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SpriteLab

Hue value

Warning: Please note

This thread was started before GSAP 3 was released. Some information, especially the syntax, may be out of date for GSAP 3. Please see the GSAP 3 migration guide and release notes for more information about how to update the code to GSAP 3's syntax. 

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Hi. 

If I set the hue of a clear red square like this:

 

var tl = new TimelineMax();

tl.to(this.square, 1, {easel:{hue:65}})

It turns brown(ish) 

 

If I create a #FF0000 square in Adobe Fireworks and set its hue to 65,  it turns yellow. 

 

Do I miss something in the setting in the script? 

 

I think it's hard to find a doc of all settings for the easel. 

Thanks in advance 

John 

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I think that the way EaselJS applies it is like a filter - a matrix through which the original color is viewed whereas perhaps Fireworks treats it in a more absolute way (like a raw color). I'm not a Fireworks expert, so I couldn't say for sure. So maybe in Fireworks, a hue of 65 is ALWAYS yellow (absolute) whereas if it's a filter (as in EaselJS), a hue shift of 65 would look completely different if it's on a red object than a blue object.

 

What exactly is your goal? 

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Hi !

Thanks for replying. My goal is to aply a hue to a picture, where I need to keep the shadows and bevels etc.

So I think HUE is the best option. But I have to provide several colors. Making a loop through -180 to 180 HUE, doesn't show any yellow colors. probaby because the square is red, and as you say, its a filter thing.

I cant TINT them. But maybe I could use a property more, like saturation, but I think the docs are very little informative as to properties and values

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In case you haven't seen it: 

https://greensock.com/docs/Plugins/EaselPlugin

 

You might try the "colorize" option, as in colorize:"yellow" (not sure that'll give you exactly what you want - just something to try). Or tint is a different effect that might work. If you have any questions about implementation or something, feel free to ask here.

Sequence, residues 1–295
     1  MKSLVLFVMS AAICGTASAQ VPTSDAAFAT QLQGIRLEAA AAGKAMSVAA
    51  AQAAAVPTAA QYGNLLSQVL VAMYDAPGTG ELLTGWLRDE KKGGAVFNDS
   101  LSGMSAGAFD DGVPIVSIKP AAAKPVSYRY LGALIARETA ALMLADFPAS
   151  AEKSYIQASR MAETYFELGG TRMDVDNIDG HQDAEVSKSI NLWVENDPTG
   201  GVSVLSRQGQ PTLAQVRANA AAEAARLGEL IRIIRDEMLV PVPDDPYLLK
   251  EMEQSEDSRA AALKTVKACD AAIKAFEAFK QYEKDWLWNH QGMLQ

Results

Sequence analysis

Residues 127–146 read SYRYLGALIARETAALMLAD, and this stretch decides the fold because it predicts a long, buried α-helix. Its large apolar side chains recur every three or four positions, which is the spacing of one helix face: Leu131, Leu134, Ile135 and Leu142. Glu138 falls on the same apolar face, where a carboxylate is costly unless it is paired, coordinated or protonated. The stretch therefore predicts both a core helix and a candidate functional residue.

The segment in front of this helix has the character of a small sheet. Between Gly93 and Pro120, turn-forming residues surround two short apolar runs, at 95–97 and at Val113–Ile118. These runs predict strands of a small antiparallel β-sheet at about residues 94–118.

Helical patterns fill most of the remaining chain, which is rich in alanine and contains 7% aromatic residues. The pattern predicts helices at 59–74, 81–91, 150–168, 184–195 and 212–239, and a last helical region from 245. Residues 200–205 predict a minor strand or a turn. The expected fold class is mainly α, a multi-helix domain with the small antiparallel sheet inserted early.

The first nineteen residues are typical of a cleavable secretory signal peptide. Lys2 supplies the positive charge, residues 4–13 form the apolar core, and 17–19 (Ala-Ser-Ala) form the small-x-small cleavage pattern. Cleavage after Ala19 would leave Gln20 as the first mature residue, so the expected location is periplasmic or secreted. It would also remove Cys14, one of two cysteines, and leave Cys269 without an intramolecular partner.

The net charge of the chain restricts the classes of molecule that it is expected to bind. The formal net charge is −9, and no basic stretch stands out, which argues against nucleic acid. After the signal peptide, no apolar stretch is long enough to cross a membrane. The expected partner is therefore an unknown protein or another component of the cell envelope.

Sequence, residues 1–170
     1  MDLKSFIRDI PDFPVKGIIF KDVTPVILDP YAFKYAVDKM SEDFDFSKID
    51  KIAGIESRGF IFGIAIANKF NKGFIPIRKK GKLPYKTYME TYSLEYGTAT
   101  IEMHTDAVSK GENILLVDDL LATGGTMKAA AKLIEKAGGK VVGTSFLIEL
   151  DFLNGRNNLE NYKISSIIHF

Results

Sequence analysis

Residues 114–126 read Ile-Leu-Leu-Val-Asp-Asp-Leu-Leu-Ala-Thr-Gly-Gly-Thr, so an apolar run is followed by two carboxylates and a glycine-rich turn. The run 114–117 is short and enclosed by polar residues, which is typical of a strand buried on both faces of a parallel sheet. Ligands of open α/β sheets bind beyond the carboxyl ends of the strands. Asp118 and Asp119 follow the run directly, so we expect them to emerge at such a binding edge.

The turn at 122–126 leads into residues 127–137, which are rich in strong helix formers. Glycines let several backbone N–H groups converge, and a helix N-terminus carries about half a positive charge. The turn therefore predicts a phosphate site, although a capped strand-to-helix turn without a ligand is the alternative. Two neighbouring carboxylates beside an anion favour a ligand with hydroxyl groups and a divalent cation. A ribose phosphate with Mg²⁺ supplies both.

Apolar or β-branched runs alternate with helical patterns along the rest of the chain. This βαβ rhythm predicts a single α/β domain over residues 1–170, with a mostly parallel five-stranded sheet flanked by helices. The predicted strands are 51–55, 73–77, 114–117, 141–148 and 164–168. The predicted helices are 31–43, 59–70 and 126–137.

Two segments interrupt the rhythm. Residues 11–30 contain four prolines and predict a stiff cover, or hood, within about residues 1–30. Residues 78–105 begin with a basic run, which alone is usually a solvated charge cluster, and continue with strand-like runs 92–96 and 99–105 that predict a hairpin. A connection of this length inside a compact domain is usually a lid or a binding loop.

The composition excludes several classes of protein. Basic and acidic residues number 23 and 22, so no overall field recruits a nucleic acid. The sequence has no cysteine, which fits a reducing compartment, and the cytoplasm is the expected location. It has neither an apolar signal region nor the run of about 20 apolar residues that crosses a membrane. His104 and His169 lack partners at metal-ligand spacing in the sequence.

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Hi !

Thanks. I tried it and maybe it'll work, I don't know. The yellow didn't do it. Just made it darker. See attached. Where do I find a list of available properties and settings. Like the colorize. What colors will it take.... yellow, red, white etc.

 

Thanks for your time on this

 

John

hue.png

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Hi !

If anyone looks at this: https://velorbis.dk

Just click on the brush and choose a color. The bike is colored in the given color preseving the shadows, curves etc. I assume it's hue. But as I said I cant get the same effect with hue alone.

In Fireworks, however, I can.

Any idea how to get this effect?

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They're definitely using canvas, though I don't have time to dig into all the source code and decipher how they're doing the color. Have you tried starting with a grayscale image and applying colorize or hue to that? 

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Well, the best result is when the bike has a color. When its grey, the hue has no effect alone. At least not by code.(in fireworks its ok).

I tried the colorize on a grey bike , but it gets distrorted when the amout  is 1. If 0.5 or 0.3, its just vague

var bounds = this.mc.nominalBounds;
this.mc.cache(0, 0, bounds.width, bounds.height);
var tl = new TimelineMax();
tl.to(this.mc, 0.5, {easel:{hue: 50, colorize:"green", colorizeAmount:1}})

I will try with saturation, but I think that theres something missing, that I dont understand of how this works :-)

Screenshot_1.png

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Hi @SpriteLab

 

I don't how to use Easel, but coloring like that can usually be done using a globalCompositeOperation. You draw a colored rectangle before or after you draw the image. Depending on the order you draw the image and rectangle determines the operation to use. Usually destination-in or source-atop, but there are other techniques, like using copy and multiply.